CCHH: China Centre For Health And Humanity


© Luis Fernando Bernardi Junqueira


Questions for the debate, Theme 1

We are Chinese Health and Humanities students from UCL, and in the Covid and China debate, our team is dedicated to talking about the topic of global health (politics) and to asking you questions!

Questions for Professor Therese Hesketh

Questions for Professor Dame Anne Johnson

Questions for Dr Zhou Xun

Questions for Professor Sun Ji Ming

Questions for Professor Therese Hesketh
by Xinqi LI

Q1: Why is Qingdao’s testing of all residents considered a waste of public resources, and on what basis? This is reasonable in terms of epidemiology, and the UK has also invested a lot of resources in testing. And compared with Qingdao's GDP, the cost of testing is a drop in the ocean.

The reason why I want to propose this question:
Therese Hesketh (2020) The current issues around Covid-19 in China [Online]  [Accessed 20 November 2020]


Q2: During this special period, the exercise of personal freedom may have a negative impact on the people around one. Why does China's control make some people from other countries think that is a violation of human rights? Many countries have also taken lockdown measures. It is similar in nature.

The reason why I want to propose this question:
In democratic countries where people are accustomed to freedom, controlling a disease like Covid-19 is very difficult. In China, there has been an overwhelming sense of trust in the government’s handling of the epidemic. However, some people from other countries think that is a violation of human rights. 

Questions for Professor Dame Anne Johnson
by Yu SHAO

Q1: Is the effectiveness of Covid-19 vaccines currently being developed in countries around the world applicable globally? (Including the vaccine developed by Pfizer, which reported a 95% efficacy rate in phase III clinical trials)

The reason why I want to propose this question:
Different countries and pharmaceutical companies use different strains of the virus in vaccine research, and there is speculation that the Covid-19 virus has mutated. Will vaccines have obvious regional characteristics, so for example, European vaccines may not be effective in the Asia area?

Q2: Is the herd immunity policy introduced in UK in the first half of this year medically justified by infectious diseases? Or is herd immunity just a political tactic that the British authorities had no choice but to implement in the face of a sudden outbreak of the epidemic?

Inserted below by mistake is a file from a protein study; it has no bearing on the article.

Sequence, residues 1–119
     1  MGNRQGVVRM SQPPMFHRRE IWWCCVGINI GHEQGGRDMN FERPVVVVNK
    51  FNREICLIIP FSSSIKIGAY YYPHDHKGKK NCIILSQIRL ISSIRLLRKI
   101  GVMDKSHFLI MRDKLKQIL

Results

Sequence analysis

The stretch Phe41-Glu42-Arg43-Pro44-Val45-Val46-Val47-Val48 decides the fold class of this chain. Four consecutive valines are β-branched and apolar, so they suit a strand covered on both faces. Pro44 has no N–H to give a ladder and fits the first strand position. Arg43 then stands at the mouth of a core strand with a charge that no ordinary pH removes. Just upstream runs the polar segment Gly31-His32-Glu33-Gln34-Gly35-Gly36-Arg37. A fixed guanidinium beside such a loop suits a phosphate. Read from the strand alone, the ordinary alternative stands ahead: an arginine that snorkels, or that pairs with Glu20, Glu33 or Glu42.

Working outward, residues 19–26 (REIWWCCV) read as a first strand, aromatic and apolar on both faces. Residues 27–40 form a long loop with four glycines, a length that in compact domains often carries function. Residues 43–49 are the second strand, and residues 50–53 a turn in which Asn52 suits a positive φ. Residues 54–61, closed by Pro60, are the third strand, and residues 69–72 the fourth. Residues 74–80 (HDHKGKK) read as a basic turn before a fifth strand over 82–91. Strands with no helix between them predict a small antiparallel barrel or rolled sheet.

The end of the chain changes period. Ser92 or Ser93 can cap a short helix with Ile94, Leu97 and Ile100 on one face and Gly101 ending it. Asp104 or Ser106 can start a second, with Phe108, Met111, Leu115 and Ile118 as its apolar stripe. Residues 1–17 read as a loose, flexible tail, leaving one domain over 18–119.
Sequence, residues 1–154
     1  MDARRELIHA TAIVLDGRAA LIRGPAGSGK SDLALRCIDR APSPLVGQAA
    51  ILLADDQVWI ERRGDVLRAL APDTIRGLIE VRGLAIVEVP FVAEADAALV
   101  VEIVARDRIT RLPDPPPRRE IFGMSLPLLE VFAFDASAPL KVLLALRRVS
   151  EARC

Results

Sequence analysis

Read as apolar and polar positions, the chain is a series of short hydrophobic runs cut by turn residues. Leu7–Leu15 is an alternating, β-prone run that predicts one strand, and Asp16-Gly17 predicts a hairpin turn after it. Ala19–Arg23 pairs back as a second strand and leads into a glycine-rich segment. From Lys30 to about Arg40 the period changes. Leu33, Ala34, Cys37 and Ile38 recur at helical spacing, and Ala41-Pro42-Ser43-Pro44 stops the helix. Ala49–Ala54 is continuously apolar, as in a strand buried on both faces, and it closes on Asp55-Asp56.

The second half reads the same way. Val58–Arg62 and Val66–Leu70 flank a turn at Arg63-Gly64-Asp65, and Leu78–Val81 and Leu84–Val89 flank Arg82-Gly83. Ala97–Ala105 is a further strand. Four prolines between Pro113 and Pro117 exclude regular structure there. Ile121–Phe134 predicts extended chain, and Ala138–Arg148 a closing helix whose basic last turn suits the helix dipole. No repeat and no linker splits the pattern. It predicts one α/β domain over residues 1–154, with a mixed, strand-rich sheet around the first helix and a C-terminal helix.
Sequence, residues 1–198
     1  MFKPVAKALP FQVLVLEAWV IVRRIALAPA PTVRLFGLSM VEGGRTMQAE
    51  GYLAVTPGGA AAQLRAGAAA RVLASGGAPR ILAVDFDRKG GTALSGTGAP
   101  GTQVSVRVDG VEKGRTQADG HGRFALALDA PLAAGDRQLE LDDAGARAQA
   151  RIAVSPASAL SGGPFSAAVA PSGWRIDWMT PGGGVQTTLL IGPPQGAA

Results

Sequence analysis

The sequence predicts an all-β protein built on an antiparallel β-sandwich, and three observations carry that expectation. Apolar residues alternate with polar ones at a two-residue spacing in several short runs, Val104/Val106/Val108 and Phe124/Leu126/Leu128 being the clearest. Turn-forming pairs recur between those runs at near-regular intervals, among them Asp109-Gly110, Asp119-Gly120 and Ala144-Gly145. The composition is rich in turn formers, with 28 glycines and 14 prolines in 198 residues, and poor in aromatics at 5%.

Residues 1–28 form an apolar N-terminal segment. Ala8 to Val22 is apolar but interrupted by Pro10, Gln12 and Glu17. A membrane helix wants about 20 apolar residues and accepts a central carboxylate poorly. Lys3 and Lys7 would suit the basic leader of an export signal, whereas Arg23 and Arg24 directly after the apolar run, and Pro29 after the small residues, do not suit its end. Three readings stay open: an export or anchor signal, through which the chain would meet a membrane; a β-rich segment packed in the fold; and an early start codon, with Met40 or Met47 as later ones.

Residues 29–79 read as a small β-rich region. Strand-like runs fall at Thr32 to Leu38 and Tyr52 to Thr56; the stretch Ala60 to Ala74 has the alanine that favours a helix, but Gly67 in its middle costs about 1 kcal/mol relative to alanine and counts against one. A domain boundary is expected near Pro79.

The reason why I want to propose this question:
Herd immunity’ refers to the large-scale infection of a certain infectious disease in biological groups. After recovery, the body will automatically generate immunity to the infectious disease, so as to ensure that this infectious disease will not break out on a large scale in the future. Due to the backwardness of medical and health conditions in ancient times, herd immunity can be said to be a desperate solution. Only through their own resistance to fight the virus. But herd immunity has its limitations and comes at the cost of mass infection with infectious diseases. The practice of herd immunity in modern societies seems to violate humanitarian and moral norms.

Questions for Dr Zhou Xun
by Mengyun ZHANG

Q1: Is there any Chinese historical experience of infectious diseases (such as plague in the 19th century) that can be utilised in this epidemic of Covid19 in China and even in western countries? What is the possibility and limitation of such utilisation?

The reason why I want to propose this question:
 In addition to traditional Chinese medicine, what I would like to know is how effective is the wisdom and methods (including some systems and policies) accumulated by China in the face of epidemic diseases since ancient times? I think this is a kind of collision between humanities and technology in some way.

Q2: How can the clinical experience and spirit of Chinese barefoot doctors be extended in today’s epidemic of Covid19?

The reason why I want to propose this question:
Most of the outbreaks of Covid19 we see are in urban areas, and I‘m curious if people in remote areas are diagnosed with Covid19, except for transferring to hospitals in cities, is it possible to get medical care by consulting barefoot doctors? Or, conversely, what are the limitations and potential of barefoot doctors for infectious diseases like Covid19?

Questions for Professor Sun Ji Ming
by Lexin OUYANG

Q1: What influence has Covid-19 had in terms of pushing the Chinese government to share specific information to people immediately?

The reason why I want to propose this question:
We know that some doctors like Ai Fen and Li Wenliang warned their colleagues and hospital administrators of the communicable virus last December, but officials in Hubei province didn’t share this immediately. With the epidemic rapidly growing in February, people noticed the information gap between local government and ordinary people. And central government also dismissed several relevant local officials. After this, the statistics and information of Covid-19 usually have been shared quickly on various social media. Recently, even the appearance of one confirmed case may bring a number of media reports. Perhaps the epidemic has contributed to government’s information sharing?

Q2: What have been the successes of the government in educating the public about epidemic prevention during the epidemic, and what direction needs to be taken?

The reason why I want to propose this question:
As we can see, there are many ways to disseminate epidemic prevention knowledge to the public, with varying results, and this will provide some new references and lessons for the media and public opinion during future epidemics.